Marriott breach - 500m guests exposed Today's News

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Marriott has taken measures to investigate and address a data security incident involving the Starwood guest reservation database. The investigation determined that there was unauthorised access to the database, which contained guest information relating to reservations at Starwood properties on or before September 10.

The customer information of 500 million guests of Marriott Hotels was hacked and the attackers were able to breach a Starwood Hotels reservation database since 2014.

For approximately 327 million of these guests, the information includes a combination of name, mailing address, phone number, email address, passport number, Starwood Preferred Guest account information, date of birth, gender, arrival and departure information, reservation date, and communication preferences.  For others, the information also includes payment card numbers and payment card expiration dates.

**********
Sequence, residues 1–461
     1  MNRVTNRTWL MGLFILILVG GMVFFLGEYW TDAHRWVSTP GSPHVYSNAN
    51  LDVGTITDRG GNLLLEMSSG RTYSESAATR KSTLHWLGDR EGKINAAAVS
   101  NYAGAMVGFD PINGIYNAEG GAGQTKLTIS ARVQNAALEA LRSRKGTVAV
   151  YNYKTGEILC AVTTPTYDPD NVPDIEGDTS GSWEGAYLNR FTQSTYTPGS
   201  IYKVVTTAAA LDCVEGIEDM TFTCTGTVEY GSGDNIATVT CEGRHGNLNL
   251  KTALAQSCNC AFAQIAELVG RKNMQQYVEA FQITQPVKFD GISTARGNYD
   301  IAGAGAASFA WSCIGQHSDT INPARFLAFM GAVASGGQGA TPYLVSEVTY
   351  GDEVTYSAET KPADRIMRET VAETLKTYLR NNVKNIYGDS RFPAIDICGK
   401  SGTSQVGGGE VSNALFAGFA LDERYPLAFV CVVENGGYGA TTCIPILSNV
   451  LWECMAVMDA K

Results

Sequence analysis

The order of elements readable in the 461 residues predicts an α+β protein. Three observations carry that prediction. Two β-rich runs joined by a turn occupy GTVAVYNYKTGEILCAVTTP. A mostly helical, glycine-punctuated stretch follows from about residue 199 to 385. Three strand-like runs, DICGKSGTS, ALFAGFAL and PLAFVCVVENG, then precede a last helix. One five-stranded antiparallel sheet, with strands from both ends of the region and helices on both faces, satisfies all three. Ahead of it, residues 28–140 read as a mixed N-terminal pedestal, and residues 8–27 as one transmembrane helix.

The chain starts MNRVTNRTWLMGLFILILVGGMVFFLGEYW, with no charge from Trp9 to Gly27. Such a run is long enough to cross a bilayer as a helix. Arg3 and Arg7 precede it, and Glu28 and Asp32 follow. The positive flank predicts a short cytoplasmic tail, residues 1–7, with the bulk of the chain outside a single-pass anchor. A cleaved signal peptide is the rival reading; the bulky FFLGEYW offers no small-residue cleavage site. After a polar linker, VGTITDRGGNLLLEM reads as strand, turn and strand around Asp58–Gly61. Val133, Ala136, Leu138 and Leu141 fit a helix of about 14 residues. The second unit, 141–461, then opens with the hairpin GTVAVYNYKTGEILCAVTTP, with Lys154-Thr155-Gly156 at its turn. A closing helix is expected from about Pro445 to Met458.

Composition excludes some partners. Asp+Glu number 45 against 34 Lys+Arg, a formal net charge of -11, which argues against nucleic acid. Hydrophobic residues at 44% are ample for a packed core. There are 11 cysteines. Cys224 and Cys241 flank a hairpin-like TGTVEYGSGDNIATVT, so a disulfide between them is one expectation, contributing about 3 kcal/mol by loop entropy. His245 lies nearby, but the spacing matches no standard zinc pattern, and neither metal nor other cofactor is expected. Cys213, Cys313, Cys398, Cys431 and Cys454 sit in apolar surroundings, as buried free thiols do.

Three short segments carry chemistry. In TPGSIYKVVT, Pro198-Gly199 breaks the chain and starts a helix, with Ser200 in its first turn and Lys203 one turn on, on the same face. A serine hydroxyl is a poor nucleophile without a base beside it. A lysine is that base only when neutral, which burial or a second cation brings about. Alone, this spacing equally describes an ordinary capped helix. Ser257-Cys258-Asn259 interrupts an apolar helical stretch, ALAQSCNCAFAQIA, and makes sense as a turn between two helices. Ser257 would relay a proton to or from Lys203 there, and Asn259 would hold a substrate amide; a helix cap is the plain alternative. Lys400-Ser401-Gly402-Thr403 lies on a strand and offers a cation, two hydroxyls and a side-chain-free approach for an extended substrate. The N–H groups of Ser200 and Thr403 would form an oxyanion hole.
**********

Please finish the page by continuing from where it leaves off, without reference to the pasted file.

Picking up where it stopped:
Ryan Wilk, vp of customer success for NuData Security, a MasterCard company says: “The hospitality sector has been hit hard this year with breaches at such hotels as the Prince, Radisson, and InterContinental to name a few. Unfortunately, this breach was going on since 2014 which means that cyber hackers secured a treasure trove of personal information. This news needs to remind merchants and other companies transacting online that their systems are never entirely safe from breaches; these can happen at any time, and companies need to have their post-breach process ready.

“This plan includes the implementation of a stronger verification framework so that they can still correctly authenticate their good users despite potentially stolen credentials. This sort of data exposure is why so many organisations – from the hospitality sector through to eCommerce companies, financial institutions and major retailers – are layering in advanced security solutions, such as passive biometrics and behavioural analytics that identify customers by their online behaviour, thus mitigating post-breach damage as hackers are not able to impersonate individual behaviour,” said Wilk.

“We deeply regret that this incident happened. We fell short of what our guests deserve and what we expect of ourselves. We are doing everything we can to support our guests, and using lessons learned to be better moving forward,” said Arne Sorenson, Marriott’s president and ceo.

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